Book review: Wichita camp comes to light


Through the works of one history professor, one illustrator and three history graduate students, a graphic novel was born.

The history department sponsored the book “Luke the Longhorn: Chisholm’s Trail.”

It took the five about 15 months to write the first of three volumes.

“This began with the One-hundred and fiftieth commemoration of the Chisholm Trail,” Professor Jay Price said. “What would be the story? What would the book look like?”

Researcher Andrea Wilson said learning a new process in writing a book versus a graphic novel was the most interesting aspect.

“The biggest difference is the visual aspect,” Wilson said.

The book was written for middle school students to entertain them and whet their appetite for local history.

The plot follows Luke, a fictional longhorn steer, as he meets historical people such as James R. Meade, who established trading posts, William Greiffenstein, who became known as the Father of Wichita, and others.

The first volume covers 1865 to 1870 and each panel on every page shows a different scene. Miles Foley, the illustrator, said he looked at period paintings, photographs and talked with family descendants to create the art.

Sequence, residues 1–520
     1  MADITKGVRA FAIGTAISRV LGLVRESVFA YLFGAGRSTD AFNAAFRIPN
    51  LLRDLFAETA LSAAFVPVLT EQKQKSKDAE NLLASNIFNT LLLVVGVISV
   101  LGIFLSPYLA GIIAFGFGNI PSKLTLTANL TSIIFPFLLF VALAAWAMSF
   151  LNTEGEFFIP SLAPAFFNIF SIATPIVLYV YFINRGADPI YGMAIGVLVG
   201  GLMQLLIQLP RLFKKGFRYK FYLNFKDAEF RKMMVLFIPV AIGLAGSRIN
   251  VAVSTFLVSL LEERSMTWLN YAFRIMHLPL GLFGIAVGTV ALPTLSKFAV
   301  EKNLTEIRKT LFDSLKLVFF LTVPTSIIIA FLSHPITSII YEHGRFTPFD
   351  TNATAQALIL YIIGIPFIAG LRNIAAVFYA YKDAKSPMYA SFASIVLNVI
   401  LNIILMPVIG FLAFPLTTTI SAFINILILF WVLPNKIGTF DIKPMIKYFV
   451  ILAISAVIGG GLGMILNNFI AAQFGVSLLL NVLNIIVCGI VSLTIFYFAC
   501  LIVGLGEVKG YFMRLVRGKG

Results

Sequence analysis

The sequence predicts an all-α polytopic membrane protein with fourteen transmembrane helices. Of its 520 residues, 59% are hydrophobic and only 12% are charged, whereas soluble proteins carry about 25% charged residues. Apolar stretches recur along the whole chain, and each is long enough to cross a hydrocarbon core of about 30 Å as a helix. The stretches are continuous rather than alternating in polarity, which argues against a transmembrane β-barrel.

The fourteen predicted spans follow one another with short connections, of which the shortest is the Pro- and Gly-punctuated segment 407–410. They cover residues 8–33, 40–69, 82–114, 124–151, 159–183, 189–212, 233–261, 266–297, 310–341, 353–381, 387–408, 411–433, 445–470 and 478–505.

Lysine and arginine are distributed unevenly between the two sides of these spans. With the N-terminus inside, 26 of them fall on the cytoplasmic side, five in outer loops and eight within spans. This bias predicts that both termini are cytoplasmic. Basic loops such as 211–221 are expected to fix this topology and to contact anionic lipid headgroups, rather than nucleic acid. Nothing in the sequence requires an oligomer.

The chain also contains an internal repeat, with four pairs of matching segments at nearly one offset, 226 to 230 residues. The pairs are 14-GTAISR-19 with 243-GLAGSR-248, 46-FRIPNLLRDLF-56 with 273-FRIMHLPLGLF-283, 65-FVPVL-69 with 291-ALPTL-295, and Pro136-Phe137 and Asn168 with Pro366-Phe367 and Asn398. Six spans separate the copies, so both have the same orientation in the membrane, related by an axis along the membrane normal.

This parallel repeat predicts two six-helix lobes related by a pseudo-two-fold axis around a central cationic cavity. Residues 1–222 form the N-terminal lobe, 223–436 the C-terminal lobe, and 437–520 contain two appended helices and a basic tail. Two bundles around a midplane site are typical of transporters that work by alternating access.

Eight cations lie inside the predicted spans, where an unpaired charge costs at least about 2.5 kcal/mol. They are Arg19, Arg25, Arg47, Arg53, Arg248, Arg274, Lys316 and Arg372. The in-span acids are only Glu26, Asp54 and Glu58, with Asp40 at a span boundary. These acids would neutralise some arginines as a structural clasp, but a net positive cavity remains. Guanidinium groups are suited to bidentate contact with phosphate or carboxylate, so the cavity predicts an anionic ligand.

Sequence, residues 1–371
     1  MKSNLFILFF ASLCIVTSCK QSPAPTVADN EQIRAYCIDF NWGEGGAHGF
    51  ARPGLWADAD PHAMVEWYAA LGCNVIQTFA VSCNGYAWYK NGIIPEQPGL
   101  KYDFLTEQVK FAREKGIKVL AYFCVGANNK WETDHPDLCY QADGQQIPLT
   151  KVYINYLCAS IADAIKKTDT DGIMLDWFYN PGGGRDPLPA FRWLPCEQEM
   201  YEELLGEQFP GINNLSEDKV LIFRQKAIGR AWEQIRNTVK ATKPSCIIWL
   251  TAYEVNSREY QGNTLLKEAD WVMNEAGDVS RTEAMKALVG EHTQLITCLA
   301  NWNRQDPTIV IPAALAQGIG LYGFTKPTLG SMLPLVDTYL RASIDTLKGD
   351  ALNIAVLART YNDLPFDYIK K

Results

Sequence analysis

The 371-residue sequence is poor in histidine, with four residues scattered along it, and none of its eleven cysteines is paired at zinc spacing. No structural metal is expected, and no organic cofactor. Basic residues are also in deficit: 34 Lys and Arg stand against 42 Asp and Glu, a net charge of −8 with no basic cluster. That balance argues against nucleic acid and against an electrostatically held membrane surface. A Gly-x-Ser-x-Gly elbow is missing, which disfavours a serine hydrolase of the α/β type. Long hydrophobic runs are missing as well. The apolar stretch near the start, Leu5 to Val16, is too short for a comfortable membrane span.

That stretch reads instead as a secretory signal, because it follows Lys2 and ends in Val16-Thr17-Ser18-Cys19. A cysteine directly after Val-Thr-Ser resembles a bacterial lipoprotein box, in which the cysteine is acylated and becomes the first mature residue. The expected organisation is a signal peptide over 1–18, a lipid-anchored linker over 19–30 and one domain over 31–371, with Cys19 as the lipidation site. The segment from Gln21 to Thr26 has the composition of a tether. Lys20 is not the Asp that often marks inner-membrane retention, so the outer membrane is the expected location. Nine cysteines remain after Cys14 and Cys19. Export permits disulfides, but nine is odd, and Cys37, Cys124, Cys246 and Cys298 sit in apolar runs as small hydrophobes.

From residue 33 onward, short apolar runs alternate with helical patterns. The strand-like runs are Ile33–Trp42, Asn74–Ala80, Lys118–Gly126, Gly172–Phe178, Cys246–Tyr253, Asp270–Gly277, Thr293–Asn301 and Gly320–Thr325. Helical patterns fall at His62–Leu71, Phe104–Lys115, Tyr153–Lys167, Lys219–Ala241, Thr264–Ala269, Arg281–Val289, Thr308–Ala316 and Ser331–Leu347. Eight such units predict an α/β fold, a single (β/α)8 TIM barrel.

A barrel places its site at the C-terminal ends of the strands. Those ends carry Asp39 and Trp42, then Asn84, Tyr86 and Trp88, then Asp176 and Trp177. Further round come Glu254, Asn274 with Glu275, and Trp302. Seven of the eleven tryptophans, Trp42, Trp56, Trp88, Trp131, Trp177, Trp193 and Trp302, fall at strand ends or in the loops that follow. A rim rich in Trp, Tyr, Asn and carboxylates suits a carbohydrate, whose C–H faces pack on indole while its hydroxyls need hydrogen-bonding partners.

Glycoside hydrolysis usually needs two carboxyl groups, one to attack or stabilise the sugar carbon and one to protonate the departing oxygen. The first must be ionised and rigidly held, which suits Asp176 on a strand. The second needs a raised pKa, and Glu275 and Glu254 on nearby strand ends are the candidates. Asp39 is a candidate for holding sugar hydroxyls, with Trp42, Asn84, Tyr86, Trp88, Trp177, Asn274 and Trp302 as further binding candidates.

“It was a very different time period,” Foley said.

Price said a tribe of Native Americans named Wichita came up from Oklahoma and camped in the Wichita area before Wichita officially became a city in 1880 with a population of about 24,000.

Alicia Duran said, “we wanted to portray it in a positive light.”

The hard part was what to leave in and what to leave out, she said.

“It’s pretty accurate,” Barb Myers said, “what businesses and who would be here.”

That included Indian tribes, African Americans, immigrants and people traveling westward.

“The problem these days is being politically correct while still being accurate,” Myers said. “It’s kind of a sticky thing.”

Wilson said she expects it to be more difficult with the next two volumes.

“I’m referring to it as the Star Wars problem,” she said.

That problem is knowing when it’s best to end a volume and start the next.

The second volume will be from 1870 to 1872 and the third will be from 1872 to the late 1870s or 1880s.

The book is available in the WSU bookstore and other book stores in the Wichita area. The proceeds will finance future academic projects at the university.

A book signing is scheduled for 1:30 p.m. on May 5 at the Wichita Historical Museum at 204 S. Main.